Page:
Down/Stay

This is the ultimate command for teaching a dog self-control. This command will also teach some dominant dogs to accept leadership. Many years ago trainers used to believe that a Down was the most submissive position a dog could be in. Quite often, with more harsh methods of training, dogs did fight the Down, even if they were dominant. Actually a Down is the most comfortable position for most dogs. It is the position they sleep in every night for hours on end! With companion dogs, I am not asking them to hold a long Sphinx positioned Down, but just to lie prone on the ground until released. As we teach Down, we also add Stay.
There are some dogs that will fight a Down Stay. Usually these dogs are:
Dominant
Fearful
Shy
Trained only to lie down with lots of food the minute they lie down.
Trying to get these dogs to hold the position with a Stay, can be quite tough!
Stubborn willful dogs!

To get the dog into position:
Have the dog Sit.
From the Sit, lure the dog into a Down by bringing the hand directly in front of the dog's nose and slowly moving your hand (with the dog's nose following) down to the floor. Do not move your hand too fast or too far out in front of the dog, as it may encourage the dog to get up. The handler can also keep the other hand across the dog's shoulder blade, applying a gentle guidance into that Down. The handler should NOT ever push the dog's shoulders or hips while placing in a Down. There is a difference between guiding and pushing. As the handler is guiding the dog into the Down, the handler says "Down".
If you use the food method to lure the dog into position, once the dog is placed, you must remove your hand with the food, possibly to your mid-section. If you keep the food in front of the dog's nose, it will get up. If you bring your hand up in the air, the dog may also get up to get the treat. This will make it tougher for the dog to hold the Stay.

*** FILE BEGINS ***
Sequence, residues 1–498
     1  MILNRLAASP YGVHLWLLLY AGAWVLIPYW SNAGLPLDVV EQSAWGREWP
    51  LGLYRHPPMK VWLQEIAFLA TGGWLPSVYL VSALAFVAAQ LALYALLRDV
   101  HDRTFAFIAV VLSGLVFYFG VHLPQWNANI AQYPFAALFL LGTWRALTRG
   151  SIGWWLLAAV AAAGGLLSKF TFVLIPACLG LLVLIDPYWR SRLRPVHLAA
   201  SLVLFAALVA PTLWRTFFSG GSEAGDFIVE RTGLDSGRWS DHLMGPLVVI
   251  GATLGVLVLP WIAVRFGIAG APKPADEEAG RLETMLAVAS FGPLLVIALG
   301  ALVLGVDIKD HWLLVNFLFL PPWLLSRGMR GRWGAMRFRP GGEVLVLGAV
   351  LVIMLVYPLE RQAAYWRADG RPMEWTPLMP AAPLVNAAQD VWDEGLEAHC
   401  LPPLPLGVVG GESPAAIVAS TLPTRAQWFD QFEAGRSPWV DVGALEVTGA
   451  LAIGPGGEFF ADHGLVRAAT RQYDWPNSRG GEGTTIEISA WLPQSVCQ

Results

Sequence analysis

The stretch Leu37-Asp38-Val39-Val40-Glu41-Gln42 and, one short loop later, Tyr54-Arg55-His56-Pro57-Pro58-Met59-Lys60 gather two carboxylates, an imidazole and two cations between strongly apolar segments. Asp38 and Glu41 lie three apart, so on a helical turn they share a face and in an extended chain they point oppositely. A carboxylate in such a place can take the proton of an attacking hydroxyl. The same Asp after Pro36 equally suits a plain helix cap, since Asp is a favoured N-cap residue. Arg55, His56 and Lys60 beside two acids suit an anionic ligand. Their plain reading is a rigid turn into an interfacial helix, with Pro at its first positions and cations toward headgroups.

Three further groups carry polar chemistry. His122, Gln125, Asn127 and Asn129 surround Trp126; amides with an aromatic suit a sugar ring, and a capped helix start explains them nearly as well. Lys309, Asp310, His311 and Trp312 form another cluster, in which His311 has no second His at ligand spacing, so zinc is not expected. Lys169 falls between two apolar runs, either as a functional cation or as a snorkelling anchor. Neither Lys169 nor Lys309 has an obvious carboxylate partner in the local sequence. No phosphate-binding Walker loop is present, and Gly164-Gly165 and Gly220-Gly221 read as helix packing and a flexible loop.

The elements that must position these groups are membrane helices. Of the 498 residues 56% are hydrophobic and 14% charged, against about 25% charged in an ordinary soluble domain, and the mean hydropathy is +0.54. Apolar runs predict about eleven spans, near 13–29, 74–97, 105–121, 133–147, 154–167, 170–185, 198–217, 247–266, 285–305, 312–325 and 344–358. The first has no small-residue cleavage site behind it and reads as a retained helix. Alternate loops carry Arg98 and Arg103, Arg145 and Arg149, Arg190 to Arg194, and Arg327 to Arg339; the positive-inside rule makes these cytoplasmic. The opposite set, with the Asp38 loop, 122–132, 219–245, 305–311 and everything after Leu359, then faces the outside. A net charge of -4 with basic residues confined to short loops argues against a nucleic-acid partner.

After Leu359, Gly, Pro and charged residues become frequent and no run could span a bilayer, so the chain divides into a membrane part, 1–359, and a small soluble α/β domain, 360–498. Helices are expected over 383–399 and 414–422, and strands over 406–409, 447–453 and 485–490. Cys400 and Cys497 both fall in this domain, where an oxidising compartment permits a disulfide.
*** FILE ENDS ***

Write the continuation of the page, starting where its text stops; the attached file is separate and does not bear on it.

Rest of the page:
A common mistake handlers make is to tell the dog Down Stay and move away too quickly too fast in training. The dog will jump right on up, breaking the Stay position. I prefer to teach Stay first as a concept of time, before distance. When the dog is in the Down position, do not move around until the dog has learned to hold the Stay. A way to help the learning process is to use the 6 foot leash during the beginning training. This way even if the dog gets up, it cannot run away.
I may step on the leash (close to the dog's neck, but not so close as to choke the dog) once the dog is in the Down position. I then turn my attention away from the dog, either by reading, watching TV or some other stationary activity. If the dog starts to get up, it cannot leave. But I will also feel the tension on the leash change, and I can remind the dog to Down Stay.
The record for repositioning a dog in the Down Stay training is 38 times in 5 minutes. I felt like I was working with a pogo stick. But the 39th time, the dog held the position and stayed until released!
Once the dog is reliably holding the Stay, the handler can then start to move a few feet away. Increase the distance as the dog continues to hold position. If the dog breaks, go back and reposition the dog and continue the work. When the dog is reliable, change distractions and places you have the dog Down Stay.
Make sure when you are teaching a new dog to Down Stay, do not let the dog lie on your shoes or physically touch your body. It will make it much harder for you to move away from the dog while furthering the Stay command. Many dogs such as Golden "Deceivers" love to touch the owner and break position the minute the owner moves!
As a point of rule, it can take a month to teach a dog to hold a Down Stay, without a leash, and with me moving about the room. Some dogs learn more quickly, and some are more stubborn. It helps if this command is worked once or twice daily, then environment changed, distraction levels changed, etc. A goal for any dog is to hold the Down Stay for up to one hour. Not hard. The dog needs to just get comfortable in a prone position and hold it until released. This is the best command for teaching the dog self-control!

Copyright 2008

GLHayes